You don’t even have to actually make the soap from scratch, you can just order melt-and-pour blocks, add scents and colors, and pour them in a soap mold. According to this tutorial, goat’s milk soap has quite a few potential benefits to explore. My only caveat is read the ingredients, as most of the “goat’s milk soap” I looked at was actually a detergent-based soap goat milk added in (sodium lauryl sulfate and sodium laureth sulfate are the typical detergents) than a genuine soap (oil + sodium hydroxide). I’m still waiting for my order of soap to arrive, but the best price I found is from Bramble Berry. A regular bar of soap is around 4 oz, so at $3.30/lb that’s $0.82 per bar of soap. You can add a few cents for the cost of any dyes or great-smelling fragrances, but that’s still really inexpensive for soap!
(…I wonder how much money I’d save if I just bought soap in bulk and scented it at home?)
Tie a pretty ribbon around it or wrap it in nice paper and you have a gift you can give to both ladies and gents!
Microwaveable Heat Packs
I grew up with an electric heating pad, but sometimes those get way too hot! And my chiropractor told me that if you use those, you should alternate between hot and cool on the area you’re using, to promote better circulation. I just want something that’ll help me stay cozy, not overheat.
Microwaveable heat packs are pretty easy to make. In its most basic form, you sew a rectangle pouch and fill it with rice. You can throw in a few drops of a relaxing essential oil if you like. If you are very skilled, you can sew other things too – at one craft fair I once saw a stuffed animal that was filled with rice, so that it could keep children warm on winter nights.
This isn’t really a consumable gift, but I think a pair of handwarmers for a loved one’s coat pockets would be a perfect Christmas gift to make.
You don’t even have to click through the full tutorial here, since (I think) the cover photo is pretty self-explanatory.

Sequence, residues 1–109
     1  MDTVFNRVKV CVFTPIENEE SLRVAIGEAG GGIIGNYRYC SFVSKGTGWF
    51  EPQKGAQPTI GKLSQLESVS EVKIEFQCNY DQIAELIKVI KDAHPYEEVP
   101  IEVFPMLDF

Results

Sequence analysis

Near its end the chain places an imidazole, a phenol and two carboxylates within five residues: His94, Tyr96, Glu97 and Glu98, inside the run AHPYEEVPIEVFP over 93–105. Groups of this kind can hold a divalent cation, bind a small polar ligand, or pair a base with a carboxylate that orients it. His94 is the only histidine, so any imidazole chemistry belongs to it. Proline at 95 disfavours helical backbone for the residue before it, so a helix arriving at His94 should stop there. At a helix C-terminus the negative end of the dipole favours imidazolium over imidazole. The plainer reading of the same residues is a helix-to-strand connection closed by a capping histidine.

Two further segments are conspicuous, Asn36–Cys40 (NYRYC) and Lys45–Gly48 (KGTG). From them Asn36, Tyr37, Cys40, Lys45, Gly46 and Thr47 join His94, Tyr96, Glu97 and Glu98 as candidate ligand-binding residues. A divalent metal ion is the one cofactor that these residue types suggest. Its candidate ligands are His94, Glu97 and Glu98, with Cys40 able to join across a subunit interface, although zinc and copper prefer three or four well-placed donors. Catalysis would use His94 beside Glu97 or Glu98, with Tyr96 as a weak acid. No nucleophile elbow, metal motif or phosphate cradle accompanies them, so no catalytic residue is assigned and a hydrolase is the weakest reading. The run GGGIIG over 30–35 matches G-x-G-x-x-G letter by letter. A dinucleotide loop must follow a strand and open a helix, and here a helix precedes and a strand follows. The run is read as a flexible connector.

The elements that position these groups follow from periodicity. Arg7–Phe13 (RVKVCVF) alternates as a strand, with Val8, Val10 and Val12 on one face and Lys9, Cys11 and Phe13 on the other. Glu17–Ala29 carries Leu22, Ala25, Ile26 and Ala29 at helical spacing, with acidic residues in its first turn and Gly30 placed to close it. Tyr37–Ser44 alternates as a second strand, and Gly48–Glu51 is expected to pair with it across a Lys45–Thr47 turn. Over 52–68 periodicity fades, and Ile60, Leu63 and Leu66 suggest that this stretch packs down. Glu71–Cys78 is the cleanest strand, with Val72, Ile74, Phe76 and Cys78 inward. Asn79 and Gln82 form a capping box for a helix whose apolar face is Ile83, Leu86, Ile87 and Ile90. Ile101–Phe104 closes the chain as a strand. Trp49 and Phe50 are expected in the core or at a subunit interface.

I don’t know about you, but I’ve never filled up the tub for a bath. Maybe I’m missing out, but because of my preference for showers, I don’t use bath bombs. Who says a shower can’t be just as nicely scented, though? For all your shower-loving friends, here is a gift they don’t need a bathtub for. Even if you’re not crafty, it’s super easy to make. Easier than pancakes.
Got a signature baked good or two? Why not make a few dozen and put them in gift tins for friends? There are so many possibilities for different cookies, as well as presentation ideas. If you’re a baker, this is a great idea to share your talents.
If chocolate is more of your thing, you can also make a variety of chocolate-covered confections, or melt chocolate and put them in cute molds (like the soap idea above). More adventurous confectioners can also add a dash of peppermint essential oil or orange essential oil (essential oils are less finicky to work into chocolate than extracts, IMO) for some flavor.
If you are good at allergen-free baking, this can also be a wonderful gift for gluten-free, dairy-free, and other-free friends who otherwise have to miss out on holiday treats.
No tutorial link needed! Pinterest has a lot of great presentation ideas though.